So life was full, and fun and filled with family and friends. (A flurry of F's there!) Since my parents were strict they sent me to the same all girl's high school two of my sisters went to. The principal was a 6' tall, skinny as a rail, British spinster who sprayed you with every 's' word. The VP was just as scrawny, just as old, and put the fear of Hades into us...she was Ms. Button. (A horse whinnies in the distance.)
The walls around the school were 7 feet tall, and the only way in and out besides the front gate, was the bus entrance.
Three of my girl friends and I would sometimes wait behind the pillars in the bus parking garage, and when the buses left at noon to take kids home for lunch (yep, you could go home if you lived within a 2 mile radius), we'd sneak out and quickly walk up the street to a small bakery run by a wrinkled, old man whose name was Joseph.
He let us hang out and if any teachers came snooping, would tell us to climb the twisting, handcrafted wood staircase to the tiny attic that was covered in flour!
These were the days when I tried my first cigarette, heard about sex for the first time and couldn't imagine what my friends were talking about, and had my first kiss with a green-eyed, black-haired guy from the Boy's School further up the street.
I stayed with my #2 sister and her young family in the Capital, Beirut, during most of the school year. My parents and next oldest sister wintered in our family home in the mountains, so it was easier to have me stay in the City than drive me down every day.
We all spent most weekends in the mountains at home. My sis and her family had their own large room and bathroom off the Den.
I missed being able to hang out with friends, but there was a charm to our village in winter that I loved. Visits to my Aunts, Uncle and grandmother were always filled with surprises and laughter.
That's me in the front with the headband, and to my left is my co-conspirator and my cousin, M. Sis #3 is standing in the back, and behind her is her bushy-headed son, and the key character in many of my creative adventures.
Scooping clean snow into bowls and topping it with carob molasses was as good a treat as any Slurpee, actually 10x better!
Then I started college... coed! YAY! Two years before I joined, the Beirut College for Women became Beirut University and admitted men. How lucky could I be? lol.
My parents had no choice but to send me there, heartened by the fact that the girl to boy ratio was 5:1. Made things challenging!
I was an English major, in love with the Romantic Poets. I took Drama like my sister before me, and found my way onto the stage, and loved it.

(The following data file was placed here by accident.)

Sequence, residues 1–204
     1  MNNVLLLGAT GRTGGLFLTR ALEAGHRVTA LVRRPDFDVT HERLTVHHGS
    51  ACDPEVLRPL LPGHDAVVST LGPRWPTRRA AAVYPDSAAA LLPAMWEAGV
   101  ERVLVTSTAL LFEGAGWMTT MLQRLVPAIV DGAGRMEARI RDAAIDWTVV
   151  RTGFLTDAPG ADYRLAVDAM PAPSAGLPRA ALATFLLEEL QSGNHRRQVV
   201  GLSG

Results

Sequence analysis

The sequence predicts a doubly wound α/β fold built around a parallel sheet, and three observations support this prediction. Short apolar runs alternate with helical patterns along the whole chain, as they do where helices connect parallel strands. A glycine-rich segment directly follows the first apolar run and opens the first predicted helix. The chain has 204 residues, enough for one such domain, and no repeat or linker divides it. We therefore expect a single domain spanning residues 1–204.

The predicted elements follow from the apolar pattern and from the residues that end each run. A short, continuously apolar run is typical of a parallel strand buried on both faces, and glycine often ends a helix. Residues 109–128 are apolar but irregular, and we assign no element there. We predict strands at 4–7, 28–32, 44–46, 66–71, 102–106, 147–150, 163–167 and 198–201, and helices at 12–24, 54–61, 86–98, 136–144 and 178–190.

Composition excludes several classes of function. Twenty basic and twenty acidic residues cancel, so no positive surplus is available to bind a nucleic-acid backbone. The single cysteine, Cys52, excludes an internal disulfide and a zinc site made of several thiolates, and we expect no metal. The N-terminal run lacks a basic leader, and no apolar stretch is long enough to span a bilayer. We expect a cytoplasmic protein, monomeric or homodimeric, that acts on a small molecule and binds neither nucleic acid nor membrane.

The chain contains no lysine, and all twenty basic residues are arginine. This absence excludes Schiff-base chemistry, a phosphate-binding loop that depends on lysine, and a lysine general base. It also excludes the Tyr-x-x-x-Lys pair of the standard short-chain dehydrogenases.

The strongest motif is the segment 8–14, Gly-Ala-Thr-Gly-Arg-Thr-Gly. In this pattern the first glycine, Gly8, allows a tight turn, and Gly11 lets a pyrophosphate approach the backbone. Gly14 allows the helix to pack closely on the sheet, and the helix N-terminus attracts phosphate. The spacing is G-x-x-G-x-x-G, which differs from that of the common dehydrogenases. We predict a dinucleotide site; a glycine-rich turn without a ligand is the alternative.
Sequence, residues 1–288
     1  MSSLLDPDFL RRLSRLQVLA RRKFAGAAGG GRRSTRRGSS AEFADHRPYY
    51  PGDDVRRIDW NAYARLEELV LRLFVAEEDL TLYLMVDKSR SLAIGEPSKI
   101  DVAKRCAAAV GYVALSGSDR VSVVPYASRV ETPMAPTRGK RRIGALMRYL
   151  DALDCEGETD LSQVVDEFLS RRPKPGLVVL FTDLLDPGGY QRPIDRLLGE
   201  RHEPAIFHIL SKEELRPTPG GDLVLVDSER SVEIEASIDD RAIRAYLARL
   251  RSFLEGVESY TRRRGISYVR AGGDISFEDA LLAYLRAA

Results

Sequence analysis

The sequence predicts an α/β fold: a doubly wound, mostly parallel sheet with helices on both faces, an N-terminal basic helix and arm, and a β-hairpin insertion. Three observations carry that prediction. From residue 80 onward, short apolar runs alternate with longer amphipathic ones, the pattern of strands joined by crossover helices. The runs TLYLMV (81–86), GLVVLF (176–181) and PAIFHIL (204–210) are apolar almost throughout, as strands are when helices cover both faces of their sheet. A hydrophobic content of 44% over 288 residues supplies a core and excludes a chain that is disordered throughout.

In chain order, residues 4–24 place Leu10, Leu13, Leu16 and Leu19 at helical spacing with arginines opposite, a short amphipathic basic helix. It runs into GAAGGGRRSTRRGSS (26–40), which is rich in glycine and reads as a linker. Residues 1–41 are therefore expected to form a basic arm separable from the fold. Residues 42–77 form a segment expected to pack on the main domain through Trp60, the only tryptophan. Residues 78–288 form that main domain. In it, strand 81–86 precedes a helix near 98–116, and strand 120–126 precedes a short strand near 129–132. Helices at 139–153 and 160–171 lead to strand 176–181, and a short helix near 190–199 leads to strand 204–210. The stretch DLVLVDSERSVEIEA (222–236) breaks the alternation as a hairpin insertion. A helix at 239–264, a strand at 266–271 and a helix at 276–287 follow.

Still living with my sister during the week, I was able to actually date a couple of guys, thanks to her discretion. Of course fear of my parents kept me from doing anything stupid.
George and the Dragon was our neighborhood hang out pub, and 1 beer was my limit. Darts was my game! The main drag was Hamra Street (Red street), where many small boutiques, movie theaters, restaurants and Cafés catered to young and old. It was a busy two lane street, with more Taxi cabs than people.
Wimpy's Burgers was the happening spot for college kids. They had a round counter that slowly spun around... how cool was that... and the BEST fruit cocktail with whipped cream, ice cream and a cherry. What I wouldn't do for one of those!
Then in my second year at college, the unrest began. Lebanon opened its doors many years before to Palestinian refugees when they were ousted from what is now Israel, and they lived in camps around the city. Lebanon was drawn into internal and externally fueled upheaval because of their presence. Not fun for anyone involved.
So the beautiful, Switzerland of the Middle East became a war zone for 15 long years.
In 1975, we came to the U.S. to visit my two sisters and brothers who lived here. We brought my older brother's fiancée with us, they were getting married here in California.
While we were visiting, things got worse back home, universities and businesses shut down, and Dad said I should enroll in college here, since there was not telling when things would calm down.
And so I got into Memphis State, of all places, because I was able to track down my Communication professor from Lebanon (a Welshman), and he was teaching there. With no access to transcripts I had no other choice. He vouched for me until we could get documents from Beirut.
I earned a BA in Broadcast Communications, met my would-be husband, and moved to Houston where he was finishing up at the Maritime Academy.
And so I part from my homeland, my sweet relatives, sister #3 and her family, and all things familiar, not to return for 25 years.